Lesson : Don’t stress about getting your agenda filled with people wanting to meet you. They don’t know you, and there could be a lot of external circumstances that prevented them from contacting you.
  4. Pitching is a skill and an art. Practice with a friend.
    Selling yourself and your brand is hard. We’re taught that self promotion is no promotion … in the islands, the cliche is “self praise is no praise”. I call bullshit! There is a fine line between thoughtful self promotion and shameless self aggrandizement. If you don’t know the difference, then definitely don’t expect to learn the difference at TBEX … there will be a lot of shamelessness on display. Companies want to work with you but if you can’t answer the following three questions appropriately, then there might be some work to do …

    • What can I do for you?
    • What can you do for me?
    • What can we do together?

    Lesson : Do practice your elevator speech – if you can’t articulate what you’re about in 90 seconds, then another person won’t get you, in 5, 10 or 30 minutes, and more importantly, they’ll get bored and move along mentally.

  5. You don’t need a 1000 friends in real life, you also don’t need 1000 travel blogger friends at TBEX
    My social and networking goal was to meet 40 travel bloggers in person, which I did. That being said you’ll never have time to chat with everyone equally. Get to know one or two or three people well during your time. Everything will come naturally from there. I was very lucky to meet up with Melissa, Kate and Erik … and it was nice to have a base of people to roam around TBEX with.
    Lesson : Quantity is nice, but you’ll need quality over time. Just like real life!
  6. PR people need stats, but PR people are looking for personality too … they’ll personality over stats
    Consultants all talk in terms of ROI and Value Proposition. It’s quite easy for me to talk to PR people … I’m in sales. That being said, I don’t have gigantic numbers and nor do you need to. I do have a niche and focus though. Everyone starts small, so don’t worry if you only have 1000 page views a month, still come and pitch and try.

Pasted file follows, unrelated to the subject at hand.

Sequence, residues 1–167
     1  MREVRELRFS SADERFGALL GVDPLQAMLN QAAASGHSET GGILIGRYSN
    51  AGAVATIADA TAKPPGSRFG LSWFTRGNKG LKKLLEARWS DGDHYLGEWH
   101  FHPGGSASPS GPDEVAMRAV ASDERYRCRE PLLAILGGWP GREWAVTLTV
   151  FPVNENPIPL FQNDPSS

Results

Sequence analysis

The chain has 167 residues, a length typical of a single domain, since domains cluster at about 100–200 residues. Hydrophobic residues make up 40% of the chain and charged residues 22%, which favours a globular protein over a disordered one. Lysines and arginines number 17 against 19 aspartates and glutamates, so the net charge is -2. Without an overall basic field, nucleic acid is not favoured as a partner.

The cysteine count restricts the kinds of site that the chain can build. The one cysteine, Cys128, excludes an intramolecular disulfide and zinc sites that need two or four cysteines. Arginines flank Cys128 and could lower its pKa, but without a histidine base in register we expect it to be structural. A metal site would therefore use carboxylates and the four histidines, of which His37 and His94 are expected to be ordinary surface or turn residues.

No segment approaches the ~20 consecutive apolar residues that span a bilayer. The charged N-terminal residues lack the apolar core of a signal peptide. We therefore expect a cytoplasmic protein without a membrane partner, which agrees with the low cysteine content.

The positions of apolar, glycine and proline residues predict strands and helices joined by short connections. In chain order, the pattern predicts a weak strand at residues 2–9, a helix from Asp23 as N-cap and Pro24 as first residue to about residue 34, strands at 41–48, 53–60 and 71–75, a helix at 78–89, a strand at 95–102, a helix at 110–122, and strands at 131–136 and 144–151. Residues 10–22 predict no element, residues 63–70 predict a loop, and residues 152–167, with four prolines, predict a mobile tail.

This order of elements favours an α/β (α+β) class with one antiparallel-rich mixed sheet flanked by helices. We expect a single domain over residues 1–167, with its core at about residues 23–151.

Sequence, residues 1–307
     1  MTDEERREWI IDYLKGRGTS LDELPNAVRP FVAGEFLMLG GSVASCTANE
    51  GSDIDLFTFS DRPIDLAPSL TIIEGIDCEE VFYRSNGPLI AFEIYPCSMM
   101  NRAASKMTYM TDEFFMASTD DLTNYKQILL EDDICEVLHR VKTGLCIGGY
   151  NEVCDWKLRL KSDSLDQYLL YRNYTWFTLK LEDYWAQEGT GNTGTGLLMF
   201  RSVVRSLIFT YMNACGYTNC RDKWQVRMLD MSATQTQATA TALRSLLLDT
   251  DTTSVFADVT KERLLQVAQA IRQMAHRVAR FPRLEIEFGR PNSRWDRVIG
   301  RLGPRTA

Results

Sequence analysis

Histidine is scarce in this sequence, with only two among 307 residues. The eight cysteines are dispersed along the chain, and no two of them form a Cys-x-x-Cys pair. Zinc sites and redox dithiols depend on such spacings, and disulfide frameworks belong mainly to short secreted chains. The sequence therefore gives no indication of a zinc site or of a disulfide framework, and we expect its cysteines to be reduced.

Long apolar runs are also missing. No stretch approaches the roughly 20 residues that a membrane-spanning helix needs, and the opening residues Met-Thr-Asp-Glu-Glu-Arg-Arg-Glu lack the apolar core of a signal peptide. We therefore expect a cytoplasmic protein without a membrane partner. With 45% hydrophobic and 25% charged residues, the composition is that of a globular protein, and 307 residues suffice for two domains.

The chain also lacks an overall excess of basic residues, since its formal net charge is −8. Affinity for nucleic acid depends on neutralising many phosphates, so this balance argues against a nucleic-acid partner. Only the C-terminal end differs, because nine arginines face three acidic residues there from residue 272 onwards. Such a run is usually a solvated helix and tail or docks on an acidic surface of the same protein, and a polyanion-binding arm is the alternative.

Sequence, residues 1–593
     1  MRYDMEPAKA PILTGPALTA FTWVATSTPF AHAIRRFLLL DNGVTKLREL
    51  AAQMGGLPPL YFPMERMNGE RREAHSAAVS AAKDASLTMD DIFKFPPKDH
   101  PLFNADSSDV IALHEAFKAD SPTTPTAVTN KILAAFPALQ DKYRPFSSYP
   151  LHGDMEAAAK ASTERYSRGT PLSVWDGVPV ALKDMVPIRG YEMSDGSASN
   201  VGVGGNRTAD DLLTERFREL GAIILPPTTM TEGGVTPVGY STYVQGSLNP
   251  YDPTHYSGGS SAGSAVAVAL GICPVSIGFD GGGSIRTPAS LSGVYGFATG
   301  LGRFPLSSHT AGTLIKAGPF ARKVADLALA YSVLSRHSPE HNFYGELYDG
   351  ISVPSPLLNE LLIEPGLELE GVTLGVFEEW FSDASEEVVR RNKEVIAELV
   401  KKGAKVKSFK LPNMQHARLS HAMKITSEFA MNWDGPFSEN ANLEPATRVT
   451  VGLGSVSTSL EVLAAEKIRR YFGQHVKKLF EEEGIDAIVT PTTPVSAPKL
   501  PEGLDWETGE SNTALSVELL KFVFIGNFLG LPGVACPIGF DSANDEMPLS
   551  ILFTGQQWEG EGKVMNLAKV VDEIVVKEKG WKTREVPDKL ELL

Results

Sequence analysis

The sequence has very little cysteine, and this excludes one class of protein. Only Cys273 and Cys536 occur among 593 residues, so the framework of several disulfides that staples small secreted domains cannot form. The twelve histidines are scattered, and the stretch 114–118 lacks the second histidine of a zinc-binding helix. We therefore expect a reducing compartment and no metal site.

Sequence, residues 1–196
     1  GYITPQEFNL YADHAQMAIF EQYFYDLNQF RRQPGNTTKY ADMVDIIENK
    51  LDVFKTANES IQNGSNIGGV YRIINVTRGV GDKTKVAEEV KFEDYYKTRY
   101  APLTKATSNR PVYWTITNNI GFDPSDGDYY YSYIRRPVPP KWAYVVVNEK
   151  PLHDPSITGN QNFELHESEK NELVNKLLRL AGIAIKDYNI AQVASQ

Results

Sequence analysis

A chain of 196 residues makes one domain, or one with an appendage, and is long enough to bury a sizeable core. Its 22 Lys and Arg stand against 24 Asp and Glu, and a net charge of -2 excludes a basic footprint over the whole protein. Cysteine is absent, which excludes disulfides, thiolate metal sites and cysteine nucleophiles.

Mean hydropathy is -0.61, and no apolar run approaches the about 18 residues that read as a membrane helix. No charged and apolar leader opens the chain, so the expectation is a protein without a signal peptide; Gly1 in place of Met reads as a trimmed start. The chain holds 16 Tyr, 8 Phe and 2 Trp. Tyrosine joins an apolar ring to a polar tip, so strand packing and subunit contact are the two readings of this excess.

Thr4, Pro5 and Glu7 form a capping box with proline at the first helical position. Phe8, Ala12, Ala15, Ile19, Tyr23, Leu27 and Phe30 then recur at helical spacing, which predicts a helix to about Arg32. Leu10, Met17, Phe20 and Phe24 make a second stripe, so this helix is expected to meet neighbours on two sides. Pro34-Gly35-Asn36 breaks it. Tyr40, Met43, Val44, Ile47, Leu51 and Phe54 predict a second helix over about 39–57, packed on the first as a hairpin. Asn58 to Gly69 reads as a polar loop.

Lesson : Personality and relationships will always get you a start, but do have some stats, however small to back up your words.
  7. Travel Bloggers definitely enjoy themselves … but
    After years in consulting, the only people I know who are amazing after drinking till 5am in the morning 5 nights in a row and still can present a 40 slide deck on Benefits Administration or Oracle OLAP cubes are consultants. BOOM!
    I’ve seen many faces struggling into the conference looked brutally hungover at noon.  I wondered how they would be able to sell themselves. Obviously, I love having a good time too, but to be taken seriously, one has to look the part … never mind how terribly fat I look 😛

    Damn Guy Theriault’s twitter!!!

    Lesson: Do as you please, but unless you’ve had years of drinking, flying and working within a 18 hour span for a couple years, then get some sleep or don’t party as hard, if you want to be taken seriously.

About Rishiray

Rishi Sankar is a Cloud HRMS Project Manager/ Solution Architect. Over the past 15+ years, he has managed to combine his overwhelming wanderlust with a desire to stay employed, resulting in continuing stints with 3 major consulting firms (IBM, Deloitte, Accenture). He documents his adventures around the world on “Ah Trini Travelogue” with pictures and stories from the road/tuk-tuk/camel/rickshaw. You can follow him on Twitter at @rishiray and on Facebook at “Ah Trini Travelogue . He doesn’t like Chicken Curry but loves Curry Chicken and is always trying to find the perfect Trinidadian roti on the road. He also doesn’t like cheese and kittens … and definitely not together. E-mail from his blog is appreciated like a 35 yr old Balvenie at [email protected]

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  • Perfectly written! I can’t wait for the next set of lessons coming from you 😉 Loving the humor in this site.

  • Carol Perehudoff

    40 people! I was lucky if I met 6. And I did consider myself lucky, and they were 6 good ones. Fun post, for a grouch.